Catching up with bits’n’pieces at the moment.  Mostly 19th Century figures, but with some WW2 vehicles thrown in as well!

DSCF4109 - Edited

Shown above is a 1:72 Kurogane Type 95 field car, used by the Japanese army in WW2.  This is a Shapeways 3-D print and quite a nice little model (‘fraid my photo’s not great).  Way back at the beginning of 2017 (!) I painted a different model of this vehicle and commented that it looked like Noddy’s car!  At least with the top up it looks a bit more military!  It was simple to paint, a light brown with a brown/black wash over it and then drybrushed in a sand highlight.  And having taken the picture, I spotted the tiny hair stuck to the bottom of the radiator and got rid of that!


Most recent 20mm figures painted, in amongst Boxer Rebellion Chinese, were some French troops for that conflict (shown below).  Originally referred to as Naval Infantry, in July 1900 these troops became Colonial Infantry when the French ministry responsible for them changed (so, in this case, it’s probably more correct to refer to them as Colonial Infantry).

DSCF4117 - Edited

The figures shown have a mixed history.  The left-hand figure is a newly-painted, metal, Newline Designs generic 19th Century colonial infantryman – I’ve allocated him to the supply train so he’s decided he can get away with not wearing his tunic!  The bugler and officer are a command group (also recently painted), the bugler being a plastic ESCI British Zulu War infantryman while the officer is a HäT French WW1 infantry officer.  The bugler wears the regulation light blue uniform, but with no helmet cover, whilst the officer wears a tropical white uniform (French officers seem to have had quite flexible dress codes).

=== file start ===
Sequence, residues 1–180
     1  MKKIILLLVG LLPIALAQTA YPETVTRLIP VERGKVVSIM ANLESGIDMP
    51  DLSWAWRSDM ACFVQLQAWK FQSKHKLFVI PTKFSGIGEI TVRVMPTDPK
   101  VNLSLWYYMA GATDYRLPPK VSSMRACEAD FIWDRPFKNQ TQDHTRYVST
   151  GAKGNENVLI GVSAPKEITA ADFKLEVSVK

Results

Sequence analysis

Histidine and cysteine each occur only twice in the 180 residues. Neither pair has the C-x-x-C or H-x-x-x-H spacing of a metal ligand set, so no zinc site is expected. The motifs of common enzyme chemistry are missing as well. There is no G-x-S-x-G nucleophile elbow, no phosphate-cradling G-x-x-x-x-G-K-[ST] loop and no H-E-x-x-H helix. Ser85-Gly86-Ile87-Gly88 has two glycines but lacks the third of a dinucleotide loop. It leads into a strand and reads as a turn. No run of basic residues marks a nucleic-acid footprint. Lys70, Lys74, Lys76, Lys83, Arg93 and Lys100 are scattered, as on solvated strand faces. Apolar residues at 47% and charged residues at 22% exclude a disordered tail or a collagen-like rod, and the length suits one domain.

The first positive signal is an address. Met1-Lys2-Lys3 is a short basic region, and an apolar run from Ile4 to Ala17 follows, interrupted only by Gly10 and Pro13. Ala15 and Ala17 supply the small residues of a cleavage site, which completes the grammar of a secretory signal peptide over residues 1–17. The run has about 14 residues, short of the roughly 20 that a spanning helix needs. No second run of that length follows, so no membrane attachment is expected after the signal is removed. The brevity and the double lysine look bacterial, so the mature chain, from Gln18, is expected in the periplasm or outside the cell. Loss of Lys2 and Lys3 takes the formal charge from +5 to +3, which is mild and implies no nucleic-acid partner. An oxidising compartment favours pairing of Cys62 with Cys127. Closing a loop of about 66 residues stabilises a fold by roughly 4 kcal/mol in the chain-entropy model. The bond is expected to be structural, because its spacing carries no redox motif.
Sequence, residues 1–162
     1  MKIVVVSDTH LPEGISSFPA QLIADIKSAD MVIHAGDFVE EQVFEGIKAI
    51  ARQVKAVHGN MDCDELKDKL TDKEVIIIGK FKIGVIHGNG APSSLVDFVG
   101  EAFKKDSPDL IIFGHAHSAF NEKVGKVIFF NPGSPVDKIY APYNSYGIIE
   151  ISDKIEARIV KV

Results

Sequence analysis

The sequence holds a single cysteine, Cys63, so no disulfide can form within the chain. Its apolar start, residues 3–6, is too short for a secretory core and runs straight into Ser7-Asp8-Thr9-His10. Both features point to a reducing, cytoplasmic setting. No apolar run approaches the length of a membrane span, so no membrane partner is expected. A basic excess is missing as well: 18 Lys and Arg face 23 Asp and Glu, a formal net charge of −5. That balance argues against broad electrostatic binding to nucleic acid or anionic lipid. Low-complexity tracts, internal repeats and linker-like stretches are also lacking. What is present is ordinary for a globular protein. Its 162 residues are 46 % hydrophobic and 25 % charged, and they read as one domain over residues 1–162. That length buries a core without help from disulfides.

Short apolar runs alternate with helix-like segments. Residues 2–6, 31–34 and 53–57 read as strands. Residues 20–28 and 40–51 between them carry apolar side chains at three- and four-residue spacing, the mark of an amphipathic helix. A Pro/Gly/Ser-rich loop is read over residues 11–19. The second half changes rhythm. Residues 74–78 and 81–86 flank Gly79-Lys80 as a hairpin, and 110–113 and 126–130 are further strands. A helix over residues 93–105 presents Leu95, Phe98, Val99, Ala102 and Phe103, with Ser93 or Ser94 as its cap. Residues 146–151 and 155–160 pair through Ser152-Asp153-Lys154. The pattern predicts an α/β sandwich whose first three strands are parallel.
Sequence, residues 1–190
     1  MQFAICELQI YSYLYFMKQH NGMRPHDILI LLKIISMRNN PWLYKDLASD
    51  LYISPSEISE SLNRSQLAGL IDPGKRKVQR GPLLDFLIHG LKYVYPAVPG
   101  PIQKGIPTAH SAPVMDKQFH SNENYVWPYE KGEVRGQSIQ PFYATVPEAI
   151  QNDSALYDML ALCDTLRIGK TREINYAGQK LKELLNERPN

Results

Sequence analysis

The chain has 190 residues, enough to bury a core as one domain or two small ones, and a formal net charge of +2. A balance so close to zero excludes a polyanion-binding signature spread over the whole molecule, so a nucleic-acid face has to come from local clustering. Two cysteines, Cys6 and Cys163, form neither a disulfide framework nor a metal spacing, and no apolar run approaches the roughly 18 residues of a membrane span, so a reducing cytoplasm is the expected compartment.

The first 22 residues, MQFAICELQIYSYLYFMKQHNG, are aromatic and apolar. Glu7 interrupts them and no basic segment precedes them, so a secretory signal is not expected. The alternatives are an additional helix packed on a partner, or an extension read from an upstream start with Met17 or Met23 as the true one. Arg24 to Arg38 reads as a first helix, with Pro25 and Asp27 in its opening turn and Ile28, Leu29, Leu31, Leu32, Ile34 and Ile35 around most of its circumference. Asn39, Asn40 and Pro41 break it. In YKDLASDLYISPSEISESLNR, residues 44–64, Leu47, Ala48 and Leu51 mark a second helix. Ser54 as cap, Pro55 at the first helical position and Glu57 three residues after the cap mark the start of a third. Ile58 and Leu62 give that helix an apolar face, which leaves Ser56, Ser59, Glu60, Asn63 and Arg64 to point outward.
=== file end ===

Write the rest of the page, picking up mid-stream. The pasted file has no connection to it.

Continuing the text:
The three infantryman on the right were originally painted about 20 years ago.  They’re also ESCI British Zulu War infantrymen, who make fairly decent French Colonial troops (and when I painted them originally, they were the closest figures I could find to represent the French).  I’d originally painted half a dozen of these in the earlier, darker blue uniform to represent French troops fighting in the 1883-85 Sino-French War, but decided to repaint the tunics and trousers to represent the later troops for the Boxer Rebellion (for some excellent French Naval/Colonial Infantry, take a look at Marvin’s troops here).  I left the helmets uncovered (and therefore not repainted), since there is some evidence that French troops wore white armbands and left their helmets uncovered to avoid being mistaken for Imperial Chinese troops.

Painting these six figures finishes off my French forces for the Boxer Rebellion so I’ll hopefully cover them in their own post sometime soon.  Or something else!